JACKSONVILLE, Fla. -- If you’ve ever wondered where your hard-earned tax dollars are going, a 60 page operational audit of a state department may shed some light.
"Here we find that our own Office of Energy, the state agency, has fallen down on the job,” said John Winkler, president of the Concerned Taxpayers of Duval County.
Winkler wasn’t surprised at the findings of the first ever audit of the Office of Energy.
"I’m not shocked, although, I certainly am pretty disgusted by it,” he said.
Florida received the third highest amount of energy stimulus money in the country, 176 grants worth more than $220 million, but this investigation found little of that money (just 60 percent) was actually spent.
So where did your tax money really go?
Action News found out one state grant worth $2.5 million went to a local business, ARI Green Energy, Inc. They were supposed to research and develop the next generation of wind technology, but we’ve learned the business went belly up. And according to the state, more than $730,000 of your tax dollars went with it.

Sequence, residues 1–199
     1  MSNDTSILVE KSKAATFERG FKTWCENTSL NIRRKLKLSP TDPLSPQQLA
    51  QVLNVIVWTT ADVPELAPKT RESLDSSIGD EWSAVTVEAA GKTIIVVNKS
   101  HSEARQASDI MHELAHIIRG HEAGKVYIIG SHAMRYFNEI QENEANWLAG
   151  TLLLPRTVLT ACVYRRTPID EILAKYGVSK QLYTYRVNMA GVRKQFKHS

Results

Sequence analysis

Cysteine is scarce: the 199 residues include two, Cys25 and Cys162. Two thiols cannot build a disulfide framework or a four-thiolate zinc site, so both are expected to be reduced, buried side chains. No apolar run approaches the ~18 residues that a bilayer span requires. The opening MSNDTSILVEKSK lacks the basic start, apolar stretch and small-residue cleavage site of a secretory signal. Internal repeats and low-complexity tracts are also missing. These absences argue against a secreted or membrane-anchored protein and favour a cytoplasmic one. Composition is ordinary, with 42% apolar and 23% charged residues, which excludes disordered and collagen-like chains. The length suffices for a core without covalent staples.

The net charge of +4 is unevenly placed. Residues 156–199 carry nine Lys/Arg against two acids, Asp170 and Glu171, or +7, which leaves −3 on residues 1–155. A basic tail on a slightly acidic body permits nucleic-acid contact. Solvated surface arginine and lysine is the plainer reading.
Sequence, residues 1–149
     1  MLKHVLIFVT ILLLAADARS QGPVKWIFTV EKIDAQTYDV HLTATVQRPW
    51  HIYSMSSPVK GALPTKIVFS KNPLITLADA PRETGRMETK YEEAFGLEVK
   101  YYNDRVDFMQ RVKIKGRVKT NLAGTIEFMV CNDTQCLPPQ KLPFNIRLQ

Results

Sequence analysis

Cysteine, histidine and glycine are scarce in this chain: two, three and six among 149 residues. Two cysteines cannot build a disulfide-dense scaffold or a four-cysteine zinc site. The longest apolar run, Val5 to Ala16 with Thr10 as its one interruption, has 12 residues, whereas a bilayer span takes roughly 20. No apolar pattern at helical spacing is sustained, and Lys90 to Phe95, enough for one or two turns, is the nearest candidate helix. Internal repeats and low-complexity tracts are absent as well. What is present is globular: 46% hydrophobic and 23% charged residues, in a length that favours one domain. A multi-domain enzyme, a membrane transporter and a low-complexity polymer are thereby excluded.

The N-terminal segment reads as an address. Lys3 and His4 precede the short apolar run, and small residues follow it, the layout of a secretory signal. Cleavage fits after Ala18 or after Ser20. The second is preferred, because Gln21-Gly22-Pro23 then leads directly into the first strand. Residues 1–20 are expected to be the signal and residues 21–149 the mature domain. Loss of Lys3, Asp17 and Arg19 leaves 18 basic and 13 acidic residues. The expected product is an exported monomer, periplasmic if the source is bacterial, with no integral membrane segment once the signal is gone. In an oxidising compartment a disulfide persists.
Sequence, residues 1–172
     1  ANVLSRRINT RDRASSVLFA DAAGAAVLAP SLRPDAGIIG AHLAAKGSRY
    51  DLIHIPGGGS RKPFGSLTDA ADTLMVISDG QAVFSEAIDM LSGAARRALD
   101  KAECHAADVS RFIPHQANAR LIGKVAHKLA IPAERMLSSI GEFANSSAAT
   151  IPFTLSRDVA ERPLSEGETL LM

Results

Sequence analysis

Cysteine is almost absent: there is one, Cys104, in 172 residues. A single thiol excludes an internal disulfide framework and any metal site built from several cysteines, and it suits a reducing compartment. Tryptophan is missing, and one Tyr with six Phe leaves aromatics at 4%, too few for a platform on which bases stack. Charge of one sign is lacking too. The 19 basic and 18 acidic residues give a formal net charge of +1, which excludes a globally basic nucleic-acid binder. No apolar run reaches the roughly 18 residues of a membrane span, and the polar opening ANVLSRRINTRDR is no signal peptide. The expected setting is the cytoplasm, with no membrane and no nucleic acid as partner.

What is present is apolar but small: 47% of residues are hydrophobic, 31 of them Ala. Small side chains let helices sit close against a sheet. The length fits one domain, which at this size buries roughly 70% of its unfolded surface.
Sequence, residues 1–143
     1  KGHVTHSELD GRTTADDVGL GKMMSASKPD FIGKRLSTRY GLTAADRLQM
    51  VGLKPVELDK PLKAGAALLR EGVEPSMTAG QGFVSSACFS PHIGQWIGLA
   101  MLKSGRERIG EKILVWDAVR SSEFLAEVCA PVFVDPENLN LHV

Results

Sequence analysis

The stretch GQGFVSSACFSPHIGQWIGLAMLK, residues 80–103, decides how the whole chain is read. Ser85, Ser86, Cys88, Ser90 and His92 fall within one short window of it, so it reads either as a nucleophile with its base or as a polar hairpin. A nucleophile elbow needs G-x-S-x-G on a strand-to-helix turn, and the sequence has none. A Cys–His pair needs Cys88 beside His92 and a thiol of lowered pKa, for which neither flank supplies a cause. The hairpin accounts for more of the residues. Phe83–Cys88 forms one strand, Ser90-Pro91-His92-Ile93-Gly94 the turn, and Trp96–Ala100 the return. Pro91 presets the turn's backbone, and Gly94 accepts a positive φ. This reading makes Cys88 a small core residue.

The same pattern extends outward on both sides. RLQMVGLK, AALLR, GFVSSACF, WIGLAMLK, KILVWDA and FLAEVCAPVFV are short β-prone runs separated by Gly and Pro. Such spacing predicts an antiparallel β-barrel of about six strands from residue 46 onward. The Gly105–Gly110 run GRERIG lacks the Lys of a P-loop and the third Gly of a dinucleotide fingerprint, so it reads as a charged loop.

No one answered when we knocked at one of their listed addresses. We tried calling the number listed on their website, but when we introduced ourselves they refused to talk.
"ARI is uhh an interesting company,” said Sterling Ivey, spokesman with the Department of Agriculture.
Ivey confirmed ARI Green Energy is one of two grant recipients in Florida being criminally investigated for fraud by the Florida Department of Law Enforcement and the FBI.
They are currently looking into how much, if any, of the money they were given can be recovered.
Winkler hopes next time something like this won’t take as long to catch.
"If we can at least stop the flow of this taxpayer blood at a relatively early stage, then hopefully going forward, we'll be able to see to it that the funds are spent for what they're intended to be,” he said.
All in all, the Inspector General identified $2.5 million in taxpayer waste with an additional $200,000 that was recovered right before it was given to a company filing for bankruptcy.
Based on these findings the state says they’ve established performance measures that will enable them to better hold grant recipients accountable.
To read the complete audit go to: http://www.freshfromflorida.com/newsroom/resources/IA_1112-02_Final_Report-Operational_Audit_of_OOE.pdf